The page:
Session 3: Hope and courage

Enter gently into an atmosphere of silence and stillness …
Become aware of your breathing …
- of the sensations in your body …
- of the touch against your skin of the clothes you are wearing …
- of the feel of the chair that you are sitting on …
- of the light in the room and the sounds all around you …

Reading: Lamentations 3: 17 - 24
my soul is bereft of peace;
I have forgotten what happiness is;
so I say, ‘Gone is my glory,
and all that I had hoped for from the Lord.’
The thought of my affliction and my homelessness
is wormwood and gall!
My soul continually thinks of it
and is bowed down within me.
But this I call to mind,
and therefore I have hope:
The steadfast love of the Lord never ceases,
his mercies never come to an end;
they are new every morning;
great is your faithfulness.
‘The Lord is my portion,’ says my soul,
‘therefore I will hope in him.’

· 'Hope', says St Augustine, 'has two beautiful daughters; their names are Anger and Courage: anger at the way things are, and courage to see that they do not remain as they are.' Augustine calls both of hope's daughters beautiful, anger as well as courage, for this is honourable anger, the non-acceptance of an intolerable situation.
· Hope, he seems to say, is rightly angered by the wrongs and wounds of our broken world; it inspires in us the courage to take steps to 'repair' what is broken, to take care of creation, to bind up its wounds. We are not only the recipients but also the transmitters of hope as we pass on God's touch to the people we meet.
· Pope Francis, quoting from this passage in his book, The Joy of the Gospel, has this to say: 'There are Christians whose lives seem like Lent without Easter… I understand the grief of people who have to endure great suffering, yet slowly but surely we have to let the joy of faith revive as a quiet yet firm trust, even amid the greatest distress.'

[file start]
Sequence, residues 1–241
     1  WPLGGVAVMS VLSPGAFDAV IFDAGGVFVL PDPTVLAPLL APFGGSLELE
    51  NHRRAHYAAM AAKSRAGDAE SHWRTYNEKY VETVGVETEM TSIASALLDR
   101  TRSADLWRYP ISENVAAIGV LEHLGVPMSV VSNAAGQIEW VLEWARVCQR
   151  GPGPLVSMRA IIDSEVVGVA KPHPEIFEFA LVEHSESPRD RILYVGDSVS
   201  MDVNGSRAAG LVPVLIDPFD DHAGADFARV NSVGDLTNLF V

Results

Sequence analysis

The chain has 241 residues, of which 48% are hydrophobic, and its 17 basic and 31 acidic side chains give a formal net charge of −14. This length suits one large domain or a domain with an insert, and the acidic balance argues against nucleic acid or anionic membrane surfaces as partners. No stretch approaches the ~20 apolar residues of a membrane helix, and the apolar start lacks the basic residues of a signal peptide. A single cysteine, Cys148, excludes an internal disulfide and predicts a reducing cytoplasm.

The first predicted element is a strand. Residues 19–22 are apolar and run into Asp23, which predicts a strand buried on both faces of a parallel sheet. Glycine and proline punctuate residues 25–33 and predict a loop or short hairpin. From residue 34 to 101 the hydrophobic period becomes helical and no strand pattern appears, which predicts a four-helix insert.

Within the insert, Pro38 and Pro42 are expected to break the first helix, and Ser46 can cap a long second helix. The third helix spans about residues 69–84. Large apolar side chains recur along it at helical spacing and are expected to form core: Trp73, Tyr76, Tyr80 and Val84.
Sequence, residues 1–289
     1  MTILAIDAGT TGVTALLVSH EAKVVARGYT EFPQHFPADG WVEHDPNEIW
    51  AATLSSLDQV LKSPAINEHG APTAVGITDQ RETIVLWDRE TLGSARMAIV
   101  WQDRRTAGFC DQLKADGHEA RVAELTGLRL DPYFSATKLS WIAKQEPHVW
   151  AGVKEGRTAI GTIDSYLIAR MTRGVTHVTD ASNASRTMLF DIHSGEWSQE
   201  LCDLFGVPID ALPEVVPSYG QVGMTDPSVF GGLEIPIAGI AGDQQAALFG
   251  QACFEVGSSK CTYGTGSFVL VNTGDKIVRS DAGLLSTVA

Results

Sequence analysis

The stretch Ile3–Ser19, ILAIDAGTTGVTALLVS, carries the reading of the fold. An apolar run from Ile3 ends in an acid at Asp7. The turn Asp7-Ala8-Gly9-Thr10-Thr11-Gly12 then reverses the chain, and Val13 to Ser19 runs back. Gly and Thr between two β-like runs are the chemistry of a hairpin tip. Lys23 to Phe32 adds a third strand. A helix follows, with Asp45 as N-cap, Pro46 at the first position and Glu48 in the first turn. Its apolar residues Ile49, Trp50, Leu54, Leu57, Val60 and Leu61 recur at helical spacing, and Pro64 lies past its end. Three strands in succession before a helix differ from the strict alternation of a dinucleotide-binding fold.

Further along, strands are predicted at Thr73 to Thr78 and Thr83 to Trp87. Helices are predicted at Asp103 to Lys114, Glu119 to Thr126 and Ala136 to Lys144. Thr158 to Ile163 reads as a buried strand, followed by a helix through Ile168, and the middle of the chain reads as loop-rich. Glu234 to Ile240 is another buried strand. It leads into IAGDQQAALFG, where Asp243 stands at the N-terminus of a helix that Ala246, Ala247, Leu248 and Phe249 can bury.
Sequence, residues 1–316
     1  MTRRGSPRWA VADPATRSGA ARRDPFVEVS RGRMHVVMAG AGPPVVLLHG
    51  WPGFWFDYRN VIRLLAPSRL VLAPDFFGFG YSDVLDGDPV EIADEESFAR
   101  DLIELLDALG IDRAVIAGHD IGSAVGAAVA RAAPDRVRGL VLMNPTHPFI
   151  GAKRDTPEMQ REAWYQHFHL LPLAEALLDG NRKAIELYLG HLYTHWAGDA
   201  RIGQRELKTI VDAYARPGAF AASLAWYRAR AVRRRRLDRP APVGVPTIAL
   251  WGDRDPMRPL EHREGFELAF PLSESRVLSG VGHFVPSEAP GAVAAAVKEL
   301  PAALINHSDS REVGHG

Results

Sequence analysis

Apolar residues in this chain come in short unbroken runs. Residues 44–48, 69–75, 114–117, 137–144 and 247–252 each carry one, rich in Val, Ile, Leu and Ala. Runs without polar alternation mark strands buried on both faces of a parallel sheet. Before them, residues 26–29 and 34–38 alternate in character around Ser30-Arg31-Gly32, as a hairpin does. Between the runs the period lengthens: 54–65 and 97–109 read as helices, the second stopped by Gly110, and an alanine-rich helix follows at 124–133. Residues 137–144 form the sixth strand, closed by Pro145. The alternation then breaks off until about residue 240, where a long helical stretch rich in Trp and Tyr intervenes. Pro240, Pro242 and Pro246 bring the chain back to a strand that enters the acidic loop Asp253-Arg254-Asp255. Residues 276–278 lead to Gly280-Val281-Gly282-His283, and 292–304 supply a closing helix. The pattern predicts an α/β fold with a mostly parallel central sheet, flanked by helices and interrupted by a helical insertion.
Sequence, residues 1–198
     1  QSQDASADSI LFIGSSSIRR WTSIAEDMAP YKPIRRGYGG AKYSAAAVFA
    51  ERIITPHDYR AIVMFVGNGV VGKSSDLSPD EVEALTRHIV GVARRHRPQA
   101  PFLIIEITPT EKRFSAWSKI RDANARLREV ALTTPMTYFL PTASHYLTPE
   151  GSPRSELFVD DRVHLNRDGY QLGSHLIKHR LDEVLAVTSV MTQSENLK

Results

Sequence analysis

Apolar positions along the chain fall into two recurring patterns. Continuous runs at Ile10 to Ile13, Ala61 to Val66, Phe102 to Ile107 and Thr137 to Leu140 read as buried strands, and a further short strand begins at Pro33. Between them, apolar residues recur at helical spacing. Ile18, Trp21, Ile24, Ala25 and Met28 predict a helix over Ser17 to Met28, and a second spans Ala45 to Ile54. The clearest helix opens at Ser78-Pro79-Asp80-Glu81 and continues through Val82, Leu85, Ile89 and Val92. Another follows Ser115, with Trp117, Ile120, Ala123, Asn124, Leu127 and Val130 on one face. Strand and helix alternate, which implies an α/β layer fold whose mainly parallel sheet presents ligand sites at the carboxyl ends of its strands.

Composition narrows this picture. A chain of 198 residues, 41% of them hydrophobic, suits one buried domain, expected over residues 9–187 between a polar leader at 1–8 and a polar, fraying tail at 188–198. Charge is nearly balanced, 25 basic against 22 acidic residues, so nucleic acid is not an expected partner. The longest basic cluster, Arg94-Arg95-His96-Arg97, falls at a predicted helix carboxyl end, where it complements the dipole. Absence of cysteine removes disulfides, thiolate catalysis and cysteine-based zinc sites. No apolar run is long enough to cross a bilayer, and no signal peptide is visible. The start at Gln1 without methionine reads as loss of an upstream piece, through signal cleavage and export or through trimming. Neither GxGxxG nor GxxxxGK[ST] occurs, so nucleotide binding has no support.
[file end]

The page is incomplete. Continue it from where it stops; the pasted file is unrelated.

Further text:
· Have you ever had a conversation when you were able to raise the spirits of someone who had 'forgotten what happiness is' (verse 17)?
· Bring to mind some hopeful things you have read or heard about so far this Lent …
· Include some of the positive things you yourself have done …
· Thank God for all these things…

End thoughts
Hope is the conviction that, under God, things will get better, and we cling to it because we cannot help ourselves, for hope seems to be innate in us. It is rooted in a universal human longing for change - not change for its own sake, but transformation. Hope is an affirmation of the future: grounded in the past, conscious of the brokenness of the present, it nurtures the seedlings of future fruitfulness. Hope touches every aspect of our lives, trivial and significant, personal and communal, and it is creative and imaginative. Although often tentative and prone to disappointment, it is courageous, ready to step into the unknown, to face the unknowable. Knowing that God is with us gives hope and courage.
"Do not be afraid, for I am with you." These words, which are repeated over and over again in the Bible, express a strong sense of the nearness of God in our lives.

Session 3: Hope and courage
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